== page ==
CNS disorders

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Published on October 15, 2008

Author: aSGuest1017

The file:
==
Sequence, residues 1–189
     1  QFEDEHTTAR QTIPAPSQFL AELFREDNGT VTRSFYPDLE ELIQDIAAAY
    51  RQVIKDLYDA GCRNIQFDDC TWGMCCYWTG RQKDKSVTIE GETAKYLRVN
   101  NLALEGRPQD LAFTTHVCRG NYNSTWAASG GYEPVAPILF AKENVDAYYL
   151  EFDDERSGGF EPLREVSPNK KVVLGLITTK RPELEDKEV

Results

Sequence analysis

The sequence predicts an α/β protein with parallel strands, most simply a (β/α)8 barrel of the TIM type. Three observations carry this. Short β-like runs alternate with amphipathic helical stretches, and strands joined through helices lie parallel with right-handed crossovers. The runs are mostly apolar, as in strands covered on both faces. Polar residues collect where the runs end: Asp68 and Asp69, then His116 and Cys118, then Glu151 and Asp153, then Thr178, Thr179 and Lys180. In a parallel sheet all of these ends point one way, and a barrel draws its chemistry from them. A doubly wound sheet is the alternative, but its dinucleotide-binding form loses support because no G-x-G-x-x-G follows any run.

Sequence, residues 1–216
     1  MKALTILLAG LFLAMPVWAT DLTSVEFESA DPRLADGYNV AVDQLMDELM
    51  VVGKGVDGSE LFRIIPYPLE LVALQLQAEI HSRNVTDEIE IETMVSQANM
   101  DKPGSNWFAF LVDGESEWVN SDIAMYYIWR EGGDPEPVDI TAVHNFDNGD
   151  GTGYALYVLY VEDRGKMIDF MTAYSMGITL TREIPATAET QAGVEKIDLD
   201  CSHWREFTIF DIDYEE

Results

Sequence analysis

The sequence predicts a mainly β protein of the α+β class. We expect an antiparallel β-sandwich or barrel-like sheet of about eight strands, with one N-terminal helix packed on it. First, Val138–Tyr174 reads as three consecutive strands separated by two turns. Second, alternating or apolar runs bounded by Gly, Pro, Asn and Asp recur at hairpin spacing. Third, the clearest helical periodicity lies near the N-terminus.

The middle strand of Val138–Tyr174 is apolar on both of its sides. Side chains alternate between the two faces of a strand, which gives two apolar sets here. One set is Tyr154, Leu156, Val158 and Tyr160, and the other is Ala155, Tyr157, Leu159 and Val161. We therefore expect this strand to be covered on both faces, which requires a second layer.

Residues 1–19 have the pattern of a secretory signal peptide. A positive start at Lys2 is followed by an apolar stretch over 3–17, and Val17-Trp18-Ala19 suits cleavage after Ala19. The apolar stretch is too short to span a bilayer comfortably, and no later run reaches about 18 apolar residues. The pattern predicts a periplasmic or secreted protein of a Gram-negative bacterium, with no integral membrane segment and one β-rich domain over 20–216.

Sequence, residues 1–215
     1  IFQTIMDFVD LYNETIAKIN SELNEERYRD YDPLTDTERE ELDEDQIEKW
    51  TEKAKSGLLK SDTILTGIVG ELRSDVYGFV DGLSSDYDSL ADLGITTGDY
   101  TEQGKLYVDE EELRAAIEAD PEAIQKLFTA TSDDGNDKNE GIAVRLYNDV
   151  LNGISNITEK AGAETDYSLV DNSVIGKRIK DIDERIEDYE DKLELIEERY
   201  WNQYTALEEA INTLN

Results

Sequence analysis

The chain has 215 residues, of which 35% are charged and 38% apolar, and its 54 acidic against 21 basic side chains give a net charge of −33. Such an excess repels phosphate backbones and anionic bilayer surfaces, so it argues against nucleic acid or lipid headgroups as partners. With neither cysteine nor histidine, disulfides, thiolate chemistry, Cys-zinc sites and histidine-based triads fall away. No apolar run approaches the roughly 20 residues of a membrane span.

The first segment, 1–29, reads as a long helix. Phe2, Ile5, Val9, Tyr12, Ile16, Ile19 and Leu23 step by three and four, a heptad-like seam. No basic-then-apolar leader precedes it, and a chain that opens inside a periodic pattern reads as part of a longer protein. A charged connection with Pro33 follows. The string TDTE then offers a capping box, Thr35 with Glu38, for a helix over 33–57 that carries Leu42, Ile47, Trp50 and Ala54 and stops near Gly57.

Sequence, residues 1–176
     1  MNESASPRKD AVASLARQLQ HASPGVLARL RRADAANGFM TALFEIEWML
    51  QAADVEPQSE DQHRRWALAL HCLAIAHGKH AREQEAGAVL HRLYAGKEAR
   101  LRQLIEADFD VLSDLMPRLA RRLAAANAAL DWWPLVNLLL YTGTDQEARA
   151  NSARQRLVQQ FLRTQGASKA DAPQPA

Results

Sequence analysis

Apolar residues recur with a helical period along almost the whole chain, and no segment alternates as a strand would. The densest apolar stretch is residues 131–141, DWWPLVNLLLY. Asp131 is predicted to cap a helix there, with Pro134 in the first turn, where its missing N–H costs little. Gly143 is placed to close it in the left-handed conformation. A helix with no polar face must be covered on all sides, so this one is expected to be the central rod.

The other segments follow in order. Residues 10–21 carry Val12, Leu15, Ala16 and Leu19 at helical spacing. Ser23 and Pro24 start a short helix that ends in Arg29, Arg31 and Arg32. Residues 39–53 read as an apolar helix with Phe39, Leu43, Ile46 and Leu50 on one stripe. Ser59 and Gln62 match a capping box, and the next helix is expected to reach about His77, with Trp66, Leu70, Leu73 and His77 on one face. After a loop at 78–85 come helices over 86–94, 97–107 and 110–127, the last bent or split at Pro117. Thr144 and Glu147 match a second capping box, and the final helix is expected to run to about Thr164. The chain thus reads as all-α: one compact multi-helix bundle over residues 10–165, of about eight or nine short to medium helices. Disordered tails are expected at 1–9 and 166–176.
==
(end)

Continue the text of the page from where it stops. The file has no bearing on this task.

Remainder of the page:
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CNS Disorders : CNS Disorders EMS Professions Temple College Pathophysiology of CNS Emergencies : Pathophysiology of CNS Emergencies Structural Changes Often due to Trauma but not always Circulatory Changes Inadequate Perfusion Alterations of ICP Response to insult Toxic Metabolic states Alteration to blood chemistry or introduction of toxins Psychiatric ‘mimicking’ ICP Review : ICP Review CBF is a factor of CPP & CVR If CPP , then CBF  If CVR , then CBF most likely  CPP = MAP - ICP MAP = Diastolic + 1/3 PP PP = SBP - DBP PCO2 has greatest effect on CVR Sympathomimetics may  CVR ICP Review : ICP Review As PCO2 , CVR  Therefore, if PCO2 , CVR  Then, as CVR  , CBF  Normal ICP < 15 mm Hg As ICP , CPP  then CBF  Compensation for  ICP via  MAP Cushing’s Reflex (Triad) Cushing’s triad with coma indicates possible herniation Altered Mental Status : Altered Mental Status Coma : Coma A decreased state of consciousness from which a patient cannot be aroused Mechanisms Structural lesions Toxic Metabolic states Psychiatric ‘mimicking’ Brain injury : Brain injury Recall that Brain injury is often shown by: Altered Mental Status Seizures Localizing signs Is unconsciousness itself an immediate life threat? : Is unconsciousness itself an immediate life threat? Loss of airway Vomiting, aspiration YES, IT IS! Altered Mental State : Altered Mental State Manage ABC’s Before Investigating Cause! Initial Assessment/Management : Initial Assessment/Management Airway Open, clear, maintain If trauma or + history, control C-spine Breathing Presence? Adequacy (rate, tidal volume)? High concentration O2 on ALL patients with altered mental status Assist ventilations prn Circulation Pulses? Adequate Perfusion? Investigate Cause : Investigate Cause DERM D = Depth of Coma E = Eyes R = Respiratory Pattern M = Motor Function D = Depth of Coma : D = Depth of Coma What does patient respond to? How does he respond? Avoid use of non-specific terms like “stuporous”, “semi-conscious”, “lethargic”, “obtunded” D = Depth of Coma : D = Depth of Coma AVPU Glasgow Scale (later) Describe level of consciousness in terms of reproducible findings E = Eyes : E = Eyes Pupils Size - mid, dilated or constricted measurement - e.g. 4 mm Shape - round, oval, pontine Equality - equal in size Symmetry - equal in reaction/response Response to light Yes or No How? R = Respiratory Pattern : R = Respiratory Pattern Depth Unusually deep or shallow? Pattern Regular or Unusual pattern Can you identify the pattern? M = Motor Function : M = Motor Function Paralysis? Where? Muscle tone? Rigid or Flaccid Movement? Where? What is it like? Posturing? How? Symmetrical Motor Function? Physical Exam : Physical Exam Vital Signs Shock? Increased ICP? Hypoxia/Hypercarbia Diagnostics Dysrhythmias? Blood glucose Oxygen saturation Physical Exam : Physical Exam Detailed (Head-to-Toe) Exam Injuries causing coma? Injuries caused by coma? Clues to the cause Probable Causes of AMS : Probable Causes of AMS Not enough Oxygen Not enough Sugar Not enough blood flow to deliver oxygen, sugar Direct brain injury Structural Metabolic Differentiating AMS Causes : Differentiating AMS Causes Structural Asymmetrical deficits Unequal pupils Afebrile History of trauma, structural abnormality Often a rapid onset Metabolic Symmetrical deficits Equal pupils (? altered function) ? Fever History of metabolic disorder or illness Rapid onset less likely Management : Management Maintain ABCs Attempt to identify cause Mainstays of therapy Oxygenation/Ventilation IV fluids appropriate for the patient D50 (if hypoglycemic) Narcan if possibility of opiate OD Flumazenil in known benzo only OD AEIOU TIPS : AEIOU TIPS Alcohol Epilepsy Insulin Overdose Uremia (Metabolic causes) Trauma Infection Psychogenic Stroke/Syncope Cerebrovascular Accident AEIOU TIPS : Cerebrovascular Accident AEIOU TIPS Cerebrovascular Accident : Cerebrovascular Accident Any disease process that disrupts blood flow to a distinct region of the brain Transient Ischemic Attack (TIA) S/S less than 24 hours without permanent neuro deficits Cerebrovascular Accident : Cerebrovascular Accident 500,000/yr in US 25% die Survivors often socially, financially devastated $20 billion in medical costs, lost wages Cerebrovascular Accident (CVA) : Cerebrovascular Accident (CVA) Pathophysiology Thrombosis (brain itself) Embolus (head, neck or heart) Hemorrhage (within brain) Ischemia (systemic blood flow) Predisposing Factors: Modifiable : Predisposing Factors: Modifiable Hypertension Cigarette smoking Diabetes Mellitus Heart disease Hyperlipidemia Cardiovascular disease Chronic atrial fibrillation Sickle cell disease Polycythemia Hypercoagulability Birth control pill use Cocaine use Predisposing Factors: Unmodifiable : Predisposing Factors: Unmodifiable Age Gender Race Prior stroke Heredity CVA Mechanisms : CVA Mechanisms Ischemic stroke--80 to 85% Hemorrhagic stroke--15 to 20% CVA Origin : Thrombus Embolus Aneurysm Arrhythmia Hypovolemia CVA Origin Ischemic Stroke : Ischemic Stroke Blood vessel occlusion Thrombosis Embolism Plaque fragments from carotids Chronic atrial fibrillation Fat particles IV substance abuse particulates Systemic hypoperfusion Pump failure Hypovolemia Ischemic Stroke Syndromes : Ischemic Stroke Syndromes Transient Ischemic Attack (TIA) Neurological deficits that resolve in 24 hours or less (most in 30 minutes) Commonly result from carotid artery disease Same symptoms as CVA Often warning sign of impeding CVA 5% risk of stroke per year Ischemic Stroke Syndromes : Ischemic Stroke Syndromes Dominant Hemisphere Infarction Contralateral weakness, numbness Contralateral blurring of vision of half the visual field in both eyes Difficulty pronouncing words (dysarthria) Difficulty speaking or understanding speech (dysphasia or aphasia) Ischemic Stroke Syndromes : Ischemic Stroke Syndromes Nondominant Hemisphere Infarction Contralateral weakness, numbness Contralateral visual field cut Neglect of contralateral extremities Constructional apraxia (difficulty drawing figures like a clock face) Dysarthria Usually NOT dysphasic or aphasic Ischemic Stroke Syndromes : Ischemic Stroke Syndromes Vertebrobasilar Syndrome Involves blood flow to brainstem, cerebellum, and visual cortex Dizziness, vertigo Diplopia Dysphagia Ataxia, bilateral limb weakness Hemorrhagic Stroke : Hemorrhagic Stroke 30 to 50% 30-day mortality Younger patient population Two subtypes: Intracerebral, usually 2o to hypertension Subarachnoid, usually from berry aneurysms Hemorrhagic Stroke Syndromes : Hemorrhagic Stroke Syndromes Intracerebral Hemorrhage Headache, nausea, vomiting precede deficits Patients commonly have decreased LOC with extreme hypertension Contralateral hemiplegia, hemianesthesia Possible aphasia, extremity neglect depending on hemisphere involved Hemorrhagic Stroke Syndromes : Hemorrhagic Stroke Syndromes Subarachnoid Hemorrhage CVA Assessment : CVA Assessment Presentation of CVA varies with area(s) of brain involved and type of CVA CVA Presentation : CVA Presentation Brain can show injury in only three ways: Decreased LOC Seizures Localizing signs Hemiparesis or hemiplegia Dysphasia (Receptive or expressive) Visual disturbances Gait disturbances Inappropriate affect Bizarre behavior Incontinence Cincinnati Prehospital Stroke Scale : Cincinnati Prehospital Stroke Scale Have patient smile (“Facial Droop”) Normal: Both sides of face move equally well Abnormal: One side does not move as well as other Have patient close eyes and hold arms out (“Arm Drift”) Normal: Both arms drift same amount or do not drift Abnormal: One arm does not drift or one drifts down compared to other or can’t move arms Have patient say, “You can’t teach an old dog new tricks.” (“Speech”) Normal: Correct words, no slurring Abnormal: Slurs words, uses inappropriate words, or unable to speak Assessment : Assessment Signs & Symptoms Ischemic S&S usually of slower onset Hemiparesis or hemiplegia Numbness or decreased sensation of face or unilateral Altered LOC or coma Convulsions Visual disturbances Slurred or inappropriate speech Headache or dizziness Assessment : Assessment Signs & Symptoms Cerebral Embolus with rapid onset Emboli from valvular HD or Afib rapid onset Often with an identifiable cause (e.g. Afib, Valvular heart disease, recent long bone fracture) Assessment : Assessment Signs & Symptoms Cerebral hemorrhage associated with rapid onset high mortality rate Often with severe HA (“Worst headache ever”) N/V Rapid decrease in LOC or seizure Coma, Cushing’s and Herniation Assessment : Assessment History Associated Altered LOC or Seizure? Onset/Precipitating factors? Initial symptoms and progression? Dizziness, Severe HA, N/V Previous CVA or TIA? Previous neuro deficits? Concomitant illnesses? Sickle Cell Disease Atrial fibrillation Risk factors for stroke & thrombus formation? BCP, Smoking HTN, CVD Assessment : Assessment Physical Exam Mental Status & Behavior Extremity Motor & Sensory Gait Pupils & Vision Cincinnati Prehospital Stroke Scale Evidence of Cushing’s or Herniation Blood glucose level CVA Management : CVA Management Basic Objective Improve cerebral blood flow and oxygenation CVA Management : CVA Management Airway If no gag reflex, intubate Otherwise, position to ensure drainage of secretions Suction prn Breathing Oxygen via NRB Ventilate with BVM and O2 if rate or tidal volume inadequate Intubate if herniating CVA Management : CVA Management Controlled hyperventilation if intracranial hemorrhage suspected with increased ICP and neurologic deterioration Indicators Sudden onset Headache Rapid loss of consciousness Seizures Unequal pupils CVA Management : CVA Management Circulation Check blood glucose level Hypoglycemia may mimic CVA Treat hypoglycemia with D50 Establish IV Access Draw blood samples TKO avoid solutions with glucose Monitor ECG 10% of CVAs are associated with cardiac event 12 Lead ECG if suspected ischemia CVA Management : CVA Management Do not assume patient cannot understand because they cannot talk Position appropriately: If hypertensive, semireclined (head slightly elevated) If normotensive, on affected side If hypotensive, supine CVA Management : CVA Management Increased Blood pressure treated ONLY if strongly suggestive of ischemic stroke If systolic >220 or diastolic >120 consider gradual blood pressure reduction Labetalol Nitropaste Nitroprusside Controlled reduction Return to pre-CVA levels, NOT to “normal” CVA Management : CVA Management Thrombolytic agents Consider for all patients with ischemic CVA presenting within 3 hours of onset Early recognition of ischemic stroke and administration of thrombolytics can prevent/limit loss of neurologic function Requires CT scan!!! CVA Management : CVA Management Think like AMI of the Brain Time is tissue Therapy Mainstays Oxygenation/Ventilation IV Access Rapid assessment & differential Treat associated conditions (hypoglycemia, hypoxia, hypotension) Rapid Transport to appropriate facility CT Scan & Thrombolytics vs. CT Scan & Neurosurgery SyncopeAEIOU TIPS : SyncopeAEIOU TIPS Syncope : Syncope aka Fainting Pathophysiology Brief loss of consciousness caused by transient cerebral hypoxia May be caused by lack of glucose or seizure activity in the brain Syncope : Syncope Types Postural Inadequate blood flow to brain due to position Vasovagal Excessive vagal stimulation Carotid Sinus stimulation/pressure Cardiogenic Dysrhythmia, usually bradycardia Stokes-Adams Syndrome Syncope : Syncope Types Tussive “coughing spell” resulting in  intrathoracic pressure causing  venous return to the heart most often in overweight male smokers with chronic bronchitis Micturation associated with urination, usually in patients who have consumed EtOH and compounded by increased vagal stimulation Syncope : Syncope Assessment History of the event Often preceded by sensation of light-headedness Rapid return of consciousness is most common Past History History of vertigo Similar past episodes Many possible causes Syncope : Syncope Management Manage ABCs Clear airway and Assist ventilations as needed Oxygen NRB (initially) Calm & Reassure Assess for underlying cause ECG Blood glucose History (present and past) Physical Exam Treatment based on underlying cause SeizuresAEIOU TIPS : SeizuresAEIOU TIPS Seizures : Seizures Alteration in behavior/consciousness 2° unstable, uncoordinated electrical activity in the brain Often a result of altered membrane permeability Manifested by sudden, brief episodes of: altered consciousness altered motor activity altered sensory phenomena unusual behavior Seizure Categories : Seizure Categories Generalized Tonic-Clonic (grand mal) AKA Convulsions Absence (petit mal) Partial Simple partial Complex partial Hysterical Seizure Etiology : Seizure Etiology CVA Hypoxia Infection/Fever Drug/alcohol withdrawal Poisoning/OD Thyrotoxicosis Head trauma Hypoglycemia Brain neoplasms Psychiatric disorders Eclampsia Hypocalcemia Anything that injures brain can cause seizures Seizures Etiology : Seizures Etiology Most epileptic seizures are idiopathic in origin Generalized Seizures : Generalized Seizures Petit Mal Absence Sz Children No LOC Grand mal aka Convulsions Common Often w/Aura Sudden LOC Tonic / Clonic Postictal phase Status epilepticus Generalized Seizures : Generalized Seizures Symmetrical No local onset Irritable focus difficult to identify Near simultaneous activation of entire cortex Focus may begin deep in brain and spread outward Generalized Seizures : Generalized Seizures Tonic-Clonic Seizures (Grand Mal) Aura (preictal phase) Loss of consciousness/postural tone Tonic phase Hypertonic (tetanic) phase Clonic phase Post-ictal phase May experience transient neurologic deficits (Todd’s paralysis) Generalized Seizures : Generalized Seizures Absence Seizure (Petit Mal) Brief loss of awareness (10 - 30 seconds) Usually no loss of postural tone May occur 100+ times a day Primarily pediatric problem Often described as “daydreaming”, not paying attention Usually disappear as child matures Partial Seizures : Partial Seizures Seizure begins locally May remain localized or spread to entire cortex Result from focal structural lesion in brain Partial Seizures : Partial Seizures Simple Localized clonic activity Abnormal sensory symptoms Usually no LOC May progress Jacksonian March (Seizure) Complex Change in behavior Preceded by aura Repetitive motor behavior No recall May progress Partial Seizures : Partial Seizures Simple partial seizures (No loss of consciousness) Focal motor seizures Local clonic activity May display Jacksonian march Sensory seizures Autonomic seizures Partial Seizures : Partial Seizures Complex partial seizure (psychomotor or temporal lobe seizures) Distinctive aura Loss of consciousness Automatisms May be mistaken for drunks or psychotics May experience episodes of rage Hysterical “Seizures” : Hysterical “Seizures” Usually in front of audience Usually follow interpersonal stress Movements asymmetrical or purposeful Does not fall, hit head, bite tongue Incontinence rare Recalls things said, done during “seizure” Assessment : Assessment Seizure Assessment Duration Seizure Postictal phase Typical for the patient? Onset Events before HA Aura Trauma Vision Disturbances Assessment : Assessment Recent History Trauma to the head/brain HA / Neck Pain Pregnancy Brain tumor Recent Infection/Illness CVA Symptoms Introduction of Poisons into body Assessment : Assessment Past History Diabetes Mellitus Seizure Disorder Tumor CVA Medications Recreational Drug Use Alcohol abuse Assessment : Assessment Physical Exam Evidence of trauma Evidence of alcohol, drug abuse Rash, stiff neck Pregnant CVA Signs Incontinence Status Epilepticus : Status Epilepticus Two or more seizures without intervening conscious period Usually due to medication non-compliance Management same as for other Seizures just more aggressive Seizure Management : Seizure Management Patient actively seizing Do NOT restrain Do NOT put anything in mouth Oxygen NRB if possible ECG Monitor when possible IV Access Lg Bore, NS Assess blood glucose Seizure Management : Seizure Management Patient actively seizing If hypoglycemic: Assess IV patency FIRST!! Dextrose 50% 12.5 - 25 grams IV push Consider Thiamine 100 mg slow IV push Diazepam, slow IV administration until seizure stops or until ~ 10 mg Usually aimed at 2.5 mg doses, one after another Phenobarbital, 100 mg/min IV push to a total ~390 mg or seizure stops Barbiturate coma NMB & Intubation Seizure Management : Seizure Management Current Mainstays of Therapy for Actively Seizing Patient Diazepam Lorazepam Phenobarbital “New” Therapy Phosphenytoin Other Considerations Glucose MgSO4 Paraldehyde Dilantin (phenytoin) 18mg/kg at 25 mg/min Seizure Management : Seizure Management After seizure stops: Open -Clear- Maintain airway O2 via NRB Assist ventilations if needed Roll patient onto side protecting head Reassess ABCDs Assess blood glucose Physical Exam and History Most seizure deaths are due to anoxia Seizure Management : Seizure Management If the patient is epileptic, do these seizures match what is “normal” for him? Just because the patient is epileptic, he does NOT have to be having an epileptic seizure! Mandatory Transports : Mandatory Transports First time seizures Seizure patient off medications Change in seizure pattern Associated with trauma Pregnant patient Status epilepticus Associated with increased body temperature Not always; Seldom in young children Has infection been diagnosed and treatment initiated? Insulin: Hypo/Hyperglycemia AEIOU TIPS : Insulin: Hypo/Hyperglycemia AEIOU TIPS Insulin : Insulin Hypoglycemia Hyperglycemia DKA HHNC Insulin : Insulin Assessment Medical Alert Tag/Bracelet Evidence of DM Medications Fruity breath odor Signs of repeated SQ injections Blood glucose level (See Endocrine for further assessment) Insulin : Insulin Management Hypoglycemia Management ABCs: Oxygen/IV/ECG Dextrose 50% (adult), 12.5 - 25 grams IV push via patent line Consider Thiamine 100 mg slow IV push Dextrose 25% (children), 0.5 - 1 grams IV push (2-4 cc/kg) via patent line Carbohydrate meal Assess for underlying cause Consider transport Insulin : Insulin Management DKA/HHNC Management ABCs: Oxygen/IV/ECG Ventilate/Intubate prn Fluid administration titrated to signs of shock 250 cc boluses and reassess Consider administration of Regular Insulin (consult medical control) Assess for underlying cause Transport Alcohol AEIOU TIPS : Alcohol AEIOU TIPS Alcohol : Alcohol “Dead drunk” Mixed overdose May be associated with Head trauma Hypoglycemia EtOH present in up to 40% of AMS patients Alcohol : Alcohol Is it alcohol or is it something else? A patient is never “Just Drunk” Alcohol : Alcohol Management Manage ABCs Clear airway and ventilate as needed Oxygen IV access prn Assess for other causes of AMS ECG Monitor Blood glucose level History of mixed poisoning or EtOH poisoning Physical exam Treat other causes Overdose/PoisoningAEIOU TIPS : Overdose/PoisoningAEIOU TIPS Overdose/Poisoning : Overdose/Poisoning Possible Overdose/Poisonings resulting in AMS Alcohol: Ethanol/Methanol Narcotics Sedative-hypnotics Solvent inhalation Stimulants Overdose : Overdose Assessment Needle marks? Pupil responses? Slow respirations? Associated hypotension Odd behavior? Breath odors? Color of oral mucosa, vomitus? History of Recent Drug/Poison use? Uremia/Metabolic CausesAEIOU TIPS : Uremia/Metabolic CausesAEIOU TIPS Uremia (Metabolic Causes) : Uremia (Metabolic Causes) Uremia/Renal Failure Hyperthyroidism Hypothyroidism Addisonian Crisis Hepatic Coma/Encephalopathy Uremia (Metabolic Causes) : Uremia (Metabolic Causes) Assessment Med Alert? Patient medications? Physical findings? The Physical Exam and History (recent and past) are most useful TraumaAEIOU TIPS : TraumaAEIOU TIPS Trauma : Trauma Concussion Cerebral contusion Intracranial hematoma Hypovolemia Hypoxia Trauma : Trauma Assessment Physical findings? Evidence of brain injury History of recent or remote trauma? Trauma : Trauma Altered Mental Status = Head Injury Until Proven Otherwise Trauma : Trauma Head injury severity cannot be evaluated accurately in presence of shock Trauma : Trauma Management Manage ABCs Spinal motion restriction if indicated Clear airway and secure prn Ventilate prn Oxygen Establish IV access, NS Fluid to titrate BP to ~ 90 mm Hg systolic Assess for other causes: ECG, Blood glucose Transport to trauma center Infection/FeverAEIOU TIPS : Infection/FeverAEIOU TIPS Infection : Meningitis Encephalitis Brain abscess Sepsis Fever Infection Infection : Infection Assessment Headache? Fever? Sore throat? Stiff neck (nuchal rigidity)? Rash? Associated symptoms of systemic infection Infection : Infection Management Infection Control Measures Manage ABCs clear airway and ventilate prn oxygen IV access prn Consider acetaminophen for fever fluid / rehydration PsychogenicAEIOU TIPS : PsychogenicAEIOU TIPS Psychogenic : Hysterical faking Catatonia “psychomotor disturbances characterized by physical rigidity, negativism, or stupor” may occur in schizophrenia, mood disorders or organic mental disorders Psychogenic Psychogenic : Psychogenic Assessment Circumstances? Events leading up to this point Prior behavior? Similar past episodes Medications & PMHx Assessment & Management of AMS : Assessment & Management of AMS Primary Assessment : Primary Assessment Onset Mechanism (Kinematics) Preceding S/S Level of Consciousness AVPU GCS (later) Airway obstruction or compromise Fluid Unprotected airway (e.g. coma) Primary Assessment : Primary Assessment Ventilatory ability Adequate Ventilatory rate and depth? Respiratory Insufficiency 2° to  ICP? (e.g. irregular patterns) Cardiovascular compromise Shock /hypotension /hypovolemia Hypertension Primary Assessment : Primary Assessment Neuro Exam (motor & sensory) Posturing? Muscle Tone? Pupillary Reflexes? Extraocular Movements? Symmetry History Present and Recent Past Management of AMS : Management of AMS Goals: Airway control/ maintenance Avoid hypoxia Cardiovascular stabilization Avoid hypotension/shock Interruption of cerebral injury Fix the root cause problem Protection from further harm Avoid secondary brain injury Other Neurologic Conditions : Other Neurologic Conditions Headache : Headache Common complaint Many persons experience regularly ~ 1/3 due to migraine HA May be associated with significant pathology Characteristics Sudden vs Constant vs Recurring Generalized vs Localized Mild to Moderate to Severe Intensity of Pain Cause is often unknown Headache : Headache Vascular Migraines Last minutes to hours to days Usually very intense, throbbing pain Photosensitivity N/V Often unilateral May be preceded by aura (not common) Occur commonly in women Headache : Headache Vascular Cluster Series of headaches Usually last for a few minutes or a few hours Sudden, intense pain Usually unilateral May be accompanied by nasal congestion, irritated or watery eye (same side) Occur commonly in men Headache : Headache Tension Most common headache Occur regularly Often awake in a.m. and worsens throughout the day Dull, ache Feels like pressure on neck and/or head Headache : Headache Organic Not very common Due to some specific cause (illness/injury) in the body Tumor Infection Meningitis Hypoglycemia etc. Headache : Headache Potentially Serious Pathologies Complaint “Worst headache ever” “It hurts right here” May localize at posterior neck at base of skull Possible subarachnoid hemorrhage Concern for possible intracranial hemorrhage Neoplasms : Neoplasms Less common neoplasm Risk factors genetic exposure to radiation tobacco use occupational exposure to toxins medications/drugs/poisons diet Neoplasms : Neoplasms Pathophysiology Most often a result of metastasis from another cancer (malignant) Assessment focused on the detailed neuro exam not a diagnosis diagnosis BUT should be included in the differential dx Muscular Dystrophy : Muscular Dystrophy Genetic disorder Results in degeneration of muscle fibers Types Duchenne Fascioscapulohumeral Limb Girdle Myotonic Muscular Dystrophy : Muscular Dystrophy Duchenne dystrophy most common childhood muscular dystrophy onset usually by age 6 symmetrical weakness and wasting of first the pelvic and leg muscles then pectoral and proximal upper extremities progresses and results in early death usually in adolescence Multiple Sclerosis : Multiple Sclerosis Common demyelinating disorder of the CNS Results in patches of sclerosis (patches) in brain and SC Occurs primarily in young adults Typical S/S visual loss, diplopia nystagmus weakness, paresthesias symptoms may have periods of exacerbation and remission Parkinson’s Disease : Parkinson’s Disease Degenerative changes in the basal ganglia result in deficiency of dopamine Characterized by rhythmical muscular tremors, rigidity of movement, and droopy posture Usually occurs after 40 years of age Leading cause of neuro disability > 60 years Estimated 500,000 in US Central Pain Syndrome : Central Pain Syndrome Known as Trigeminal Neuralgia paroxysmal bursts of pain in one or more branches of the trigeminal nerve Often induced by touching trigger points in or about the mouth Causes tumor some medications (phenothiazines) Bell’s Palsy : Bell’s Palsy Paresis or paralysis of the facial muscles usually unilateral Occurs in 23 of 100,000 persons Caused by dysfunction of the 7th cranial nerve cause is usually a viral infection other causes post trauma herpes simplex lyme disease idiopathic Amyotrophic Lateral Sclerosis : Amyotrophic Lateral Sclerosis Progressive motor neuron disease aka ALS or Lou Gehrig disease disease of the motor tracts of the lateral columns and anterior horns of the SC results in progressive muscular atrophy, increased reflexes, and spastic irritability of muscles Spina Bifida : Spina Bifida An embryolgic failure of fusion of one or more vertebral arches results in spinal cord exposure spinal cord may protrude outward various types based upon type of deformity Child requires frequent surgeries increased risk of latex allergies Poliomyelitis : Poliomyelitis An inflammatory process of the Spinal Cord’s gray matter May be caused by the poliomyelitis virus Enters bloodstream and nervous system results in paralysis of the limbs Uncommon today in the US due to polio vaccine